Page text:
Cattails tremble along the moonlit bank.
A shadow lengthens across what’s left of the dock.
Its post submerged, a rusted lamp like a clock
creaks time, answering each wave with a desolate clang.
Not far upriver is where she burned and sank.
Tobacco hangs now inside Château Roc,
its eaves and gables, home to a wayworn flock
of crows. Its kitchen’s the stomping ground for a gang
of rats. In the music room, tossed on a gown
left by the clavichord awaits Arbeau’s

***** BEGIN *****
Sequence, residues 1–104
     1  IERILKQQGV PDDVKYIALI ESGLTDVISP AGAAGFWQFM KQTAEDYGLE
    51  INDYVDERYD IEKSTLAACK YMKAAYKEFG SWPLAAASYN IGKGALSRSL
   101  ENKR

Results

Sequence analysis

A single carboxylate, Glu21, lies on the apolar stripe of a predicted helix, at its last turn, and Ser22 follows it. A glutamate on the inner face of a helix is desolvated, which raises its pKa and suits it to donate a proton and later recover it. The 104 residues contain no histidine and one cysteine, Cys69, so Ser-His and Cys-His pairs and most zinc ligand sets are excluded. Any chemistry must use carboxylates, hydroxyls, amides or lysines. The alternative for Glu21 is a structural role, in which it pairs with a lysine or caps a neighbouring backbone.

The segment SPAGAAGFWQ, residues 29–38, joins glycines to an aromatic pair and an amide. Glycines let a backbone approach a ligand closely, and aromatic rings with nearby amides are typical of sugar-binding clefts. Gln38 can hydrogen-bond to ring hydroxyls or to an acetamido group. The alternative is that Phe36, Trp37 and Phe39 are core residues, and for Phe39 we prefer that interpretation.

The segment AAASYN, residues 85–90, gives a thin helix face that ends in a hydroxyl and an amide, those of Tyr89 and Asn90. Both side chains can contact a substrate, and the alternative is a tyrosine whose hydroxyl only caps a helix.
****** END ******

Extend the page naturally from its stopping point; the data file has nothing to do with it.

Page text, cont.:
Belle qui tiens ma vie ―beneath “Thoinot”
Now a soft kiss―aye, by that kiss, I vow
an endless bliss. inscribed within a rose
an hour before To Helena went down.
Mark Mansfield’s poems have appeared in The Adirondack Review, Bayou, Blue Mesa Review, The Evansville Review, Fourteen Hills, Limestone, Magma, Potomac Review, Salt Hill, Scrivener, Tulane Review, Unsplendid, Waccamaw, and elsewhere. He holds an M.A. in Writing from Johns Hopkins and was a 2015 Pushcart Prize nominee. Currently, he lives in upstate New York.